It wasn't always like this. Prior to this year, you made me feel vulnerable. You forced me to label myself with words of a low demeanor. You made me feel worthless. However, now, you have transformed me.
The art of writing always hid within me. Lodged within the aspects of my body that I viewed as flaws, it would reside. The big, bad, and scary monster would occasionally make an appearance. Although, always formally introducing itself every first day of my English courses. This process continued every year on the dot. With this anniversary, came the numb and weakening echo throughout my being. I was not good enough. Out of everything that I had mastered, this was just one of those things that would conquer me. It was stronger than I. I could not do it. I could not survive.
This lingering and isolating view carried with me to college. As a first-year, I was required to enroll in Paideia, a writing and reading intensive course. Every week, a new book would narrate its story inside our hearts and minds. Then following, words were forced unto paper about our interpretation - this was undoubtedly the greatest struggle for me. I have always been in my own little world. My mind is a novel of detail-orientated observations that can only be explained by actions rather than words. After all, words are not friends of mine. Logical abstracts of visualization are and I could never tie the words I saw in my head to the concrete appearance on paper. Therefore, my thoughts lay unspoken and enclosed in my conscious mind.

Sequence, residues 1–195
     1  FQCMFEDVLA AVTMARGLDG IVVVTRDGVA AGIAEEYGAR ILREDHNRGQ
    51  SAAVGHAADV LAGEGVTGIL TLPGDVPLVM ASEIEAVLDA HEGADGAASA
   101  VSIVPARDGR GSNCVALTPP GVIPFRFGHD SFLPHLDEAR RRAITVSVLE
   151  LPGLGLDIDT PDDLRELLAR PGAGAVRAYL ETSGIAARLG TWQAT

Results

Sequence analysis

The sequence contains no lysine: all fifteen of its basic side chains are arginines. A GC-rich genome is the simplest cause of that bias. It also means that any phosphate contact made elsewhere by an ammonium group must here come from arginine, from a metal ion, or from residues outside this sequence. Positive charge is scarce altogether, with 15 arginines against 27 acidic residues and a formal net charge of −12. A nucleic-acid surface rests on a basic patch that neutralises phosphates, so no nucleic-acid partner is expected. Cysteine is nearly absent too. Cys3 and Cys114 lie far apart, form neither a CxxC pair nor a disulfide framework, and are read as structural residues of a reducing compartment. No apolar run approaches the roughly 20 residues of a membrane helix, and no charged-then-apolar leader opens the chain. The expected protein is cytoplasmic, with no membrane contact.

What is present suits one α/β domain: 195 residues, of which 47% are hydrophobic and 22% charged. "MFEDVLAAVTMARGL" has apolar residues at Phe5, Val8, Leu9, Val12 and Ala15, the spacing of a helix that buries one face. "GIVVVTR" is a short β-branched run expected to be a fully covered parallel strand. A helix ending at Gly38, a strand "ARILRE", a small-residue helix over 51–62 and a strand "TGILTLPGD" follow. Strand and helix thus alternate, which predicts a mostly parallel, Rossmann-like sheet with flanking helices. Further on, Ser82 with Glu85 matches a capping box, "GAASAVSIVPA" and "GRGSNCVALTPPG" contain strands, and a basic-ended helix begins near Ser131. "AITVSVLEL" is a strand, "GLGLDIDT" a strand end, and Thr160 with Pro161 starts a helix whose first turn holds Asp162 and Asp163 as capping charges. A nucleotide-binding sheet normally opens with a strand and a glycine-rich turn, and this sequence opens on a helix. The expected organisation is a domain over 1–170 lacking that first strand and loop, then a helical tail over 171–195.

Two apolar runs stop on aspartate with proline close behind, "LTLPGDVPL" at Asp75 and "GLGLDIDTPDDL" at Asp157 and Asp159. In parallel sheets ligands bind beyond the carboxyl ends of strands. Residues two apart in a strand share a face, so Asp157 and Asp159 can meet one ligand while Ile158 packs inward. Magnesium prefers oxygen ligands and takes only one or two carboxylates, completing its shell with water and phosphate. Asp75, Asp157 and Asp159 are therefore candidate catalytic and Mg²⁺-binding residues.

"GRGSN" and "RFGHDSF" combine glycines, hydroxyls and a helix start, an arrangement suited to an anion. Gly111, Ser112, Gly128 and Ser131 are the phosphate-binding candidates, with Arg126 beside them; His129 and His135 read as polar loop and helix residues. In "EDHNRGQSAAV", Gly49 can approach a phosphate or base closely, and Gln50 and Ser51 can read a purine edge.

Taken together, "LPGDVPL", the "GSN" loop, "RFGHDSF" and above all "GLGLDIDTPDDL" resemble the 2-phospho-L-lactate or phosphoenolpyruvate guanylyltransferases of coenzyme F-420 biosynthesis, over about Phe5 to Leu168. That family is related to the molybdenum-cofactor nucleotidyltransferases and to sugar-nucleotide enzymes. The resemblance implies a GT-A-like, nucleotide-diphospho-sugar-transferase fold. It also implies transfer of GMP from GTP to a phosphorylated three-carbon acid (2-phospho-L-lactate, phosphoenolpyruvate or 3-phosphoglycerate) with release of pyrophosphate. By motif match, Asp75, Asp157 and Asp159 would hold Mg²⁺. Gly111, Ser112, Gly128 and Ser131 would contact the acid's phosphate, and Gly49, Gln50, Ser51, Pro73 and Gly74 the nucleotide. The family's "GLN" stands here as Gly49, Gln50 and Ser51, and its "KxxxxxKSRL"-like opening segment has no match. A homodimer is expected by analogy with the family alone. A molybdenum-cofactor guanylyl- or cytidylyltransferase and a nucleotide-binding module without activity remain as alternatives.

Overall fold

Because of the varying way in which my brain works, I felt lesser than the general population, than my peers. I truly believed that I was destined for failure. Before stepping into the Paideia classroom, I had accepted defeat. However, my professor did not allow me to not fight back. Every day, he fought the inner workings of my thought process and forced me to talk through the words inside my head. Ultimately, I was able to connect the quick inspired thoughts to the deeper and complex meanings that echoed from within. Overtime, I became more confident in myself and my creative side. I learned that the impossibilities that I had thought writing pertained were nothing other than analytical expressions waiting to be sorted.
Furthermore, I came to grasp that writing is a form of therapy. It reveals more about oneself than almost anything in closer comparison. Rather than taunting, it supports. It gives life to the ideas that are often invalidated by ourselves and society's perception. Writing simplifies the human connection and allows each us of an equal playing field. It’s a game where no one wins or loses, but develops.
This art has taught me more lessons about my life endeavors than I ever thought possible. Most importantly, it has brought balance into my life. Since I have started writing articles for the Odyssey, I have spent more time enjoying the nooks and crannies inside the complex world of Brooke than the past nineteen years of my life. It has forced me to accept my strengths and weaknesses, but not to accept that there are limitations. I have learned that even the most scary and nerve-racking facets of life often bring with them more reward than the challenges.
Writing, you may have caught me off guard and made me feel vulnerable, but I thank you. Without your persistent attempts to label me the lesser, I would not realize the strength that I possess. I would settle and we both know that’s not who I am.